Rogue One: A Star Wars Story steps into cinemas with a pretty confident strut. Disney always puts on a good face, but there's a real risk being taken here – underneath all the flash, the hype.
This, after all, is the first of the studio's planned Star Wars spin-offs; the first test of whether the franchise can survive having stepped out of the direct lineage of the Skywalker saga, and the determining factor in whether there's viability in the planned set of anthology films.
Though Lucasfilm reportedly got close to announcing a Boba Fett spin-off in 2015, it seems fairly telling that the only other confirmed anthology film is the young Han Solo project; while we comparatively know pretty much every Marvel film to be released until the end of days, is Disney waiting to see how Rogue One fares?
It wouldn't be surprising. Disney is fully aware of the mammoth potential that's been placed in their hands in the acquirement of Lucasfilm, but they're being wise in not putting all their eggs into the basket at once.
Indeed, Rogue One still bears a direct connection to A New Hope: following the wayward band of Rebel fighters who set out to steal the plans for the Death Star, linking directly into the opening scenes of the original trilogy in which Princess Leia conceals the plans in R2-D2 before being captured by the Empire.
Certainly, there's a kind of nervousness that leaks into the film itself; which, though premised as a Star Wars film like no other, is hardly a clean break – with its running time still packed to the brim with nods, references, and returning characters.
Yet, if Darth Vader is the comfort blanket Rogue One needs to step out into the cold night of blockbuster territory, then it's elsewhere that the film really starts to show where the future of the franchise might take us.
With the film already largely a critical hit – though pinioned by a few crucial flaws – its potential success at the box office will prove that Disney have successfully figured out how to make the franchise limitless; breaking into new storylines, new characters, new environments, and new tones without losing that authentic Star Wars touch.
Which is exactly what Rogue One achieves. All its references and throwbacks are, at the end of the day, largely superficial; this is a film which feels radically different in tone and feel, while introducing characters so far removed from Rey, or Finn, or Kylo.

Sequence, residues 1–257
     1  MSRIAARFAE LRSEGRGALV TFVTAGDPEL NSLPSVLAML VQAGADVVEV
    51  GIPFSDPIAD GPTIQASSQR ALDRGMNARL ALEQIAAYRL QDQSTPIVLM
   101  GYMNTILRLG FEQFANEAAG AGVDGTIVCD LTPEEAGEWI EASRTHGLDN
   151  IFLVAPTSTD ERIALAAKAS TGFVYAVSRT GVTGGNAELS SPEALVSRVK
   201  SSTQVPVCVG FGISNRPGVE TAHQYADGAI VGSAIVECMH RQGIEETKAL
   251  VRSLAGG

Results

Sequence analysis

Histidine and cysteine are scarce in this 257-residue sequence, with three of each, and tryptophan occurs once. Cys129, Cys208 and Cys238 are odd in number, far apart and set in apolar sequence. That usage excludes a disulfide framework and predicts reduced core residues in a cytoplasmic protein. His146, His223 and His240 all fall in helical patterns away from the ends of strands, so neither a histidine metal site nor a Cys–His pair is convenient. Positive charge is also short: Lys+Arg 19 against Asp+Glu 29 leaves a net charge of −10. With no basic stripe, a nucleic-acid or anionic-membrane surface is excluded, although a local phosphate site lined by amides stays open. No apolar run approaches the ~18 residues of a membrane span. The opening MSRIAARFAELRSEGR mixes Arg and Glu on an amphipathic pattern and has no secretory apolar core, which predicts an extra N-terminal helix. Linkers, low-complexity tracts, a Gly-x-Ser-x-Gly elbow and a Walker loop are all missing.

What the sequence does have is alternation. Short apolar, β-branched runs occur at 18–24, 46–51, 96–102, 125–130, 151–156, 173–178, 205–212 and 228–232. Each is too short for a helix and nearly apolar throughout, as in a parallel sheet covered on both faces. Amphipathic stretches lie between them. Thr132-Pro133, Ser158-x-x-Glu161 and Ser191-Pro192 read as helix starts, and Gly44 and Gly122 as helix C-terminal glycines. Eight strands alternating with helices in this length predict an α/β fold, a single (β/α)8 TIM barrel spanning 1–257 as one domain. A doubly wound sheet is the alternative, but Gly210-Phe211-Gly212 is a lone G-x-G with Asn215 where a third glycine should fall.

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This is – as Disney has been so keen to stress – the franchise's gritty, murky war film; director Gareth Edwards' touch is keenly felt in its muted landscapes, in AT-ATs looming out of the mist like vengeful metallic Godzillas. It's near worlds away from The Force Awakens.
Its characters feel more muted too, and there's arguably something less instantly loveable about Jyn and Cassian than in the cleanly defined Rey and Finn, but that too seems part of Rogue One's tonal shift even if it's not entirely successful; these rebels face more complex internal challenges than the overarching choice between good and evil.
That said, Rogue One's greatest success is from achieving this tonal break without compromising what makes a Star Wars film at its heart. This is still a soaring space adventure that celebrates heroism and unflappable bravery in the face of seemingly impossible odds (which Alan Tudyk's wry K-2SO is always particularly keen to point out).
Having achieved this, Disney's truly opened the doors to Star Wars. The first stop, anthology-wise, is Phil Lord and Chris Miller's Han Solo project; their comedic pedigrees promising the tonal shift will swing in entirely the opposite direction to Edwards' sensibilities.
The film's visual look has already been teased by Kathleen Kennedy's revelations that it'll have a "heist or western type feel", but with a more colourful slant nodding to the work of artist Frederic Remington, with dusty yellows and pale blues.
Like Rogue One, sticking to Han Solo's backstory – how he came to meet Chewbacca, his early dealings with Lando Calrissian – is pretty safe territory; the question is where Disney goes next, with even Boba Fett's character possessing far less embedded connections to the main saga.
Could Disney delve into the vast archives of the expanded universe – looking as far back as the history of the Old Republic? Fans certainly seem to want it. Or focus on individual stories set within fixed locations? The story of one X-wing pilot set amongst the grander tapestry of the rebellion could work. Rogue One certainly seems to promise those things are possible.
There's even greater possibility potentially granted to the main saga; with cast and crew subtly dropping hints that Episode VIII may have a unique tone of its own, as Oscar Isaac describes it as having the feel of an "independent film".
If The Force Awakens was burdened with necessary nostalgia, Rogue One proves a tantalising indicator of a franchise blessed with infinite possibility.
Rogue One is out now.
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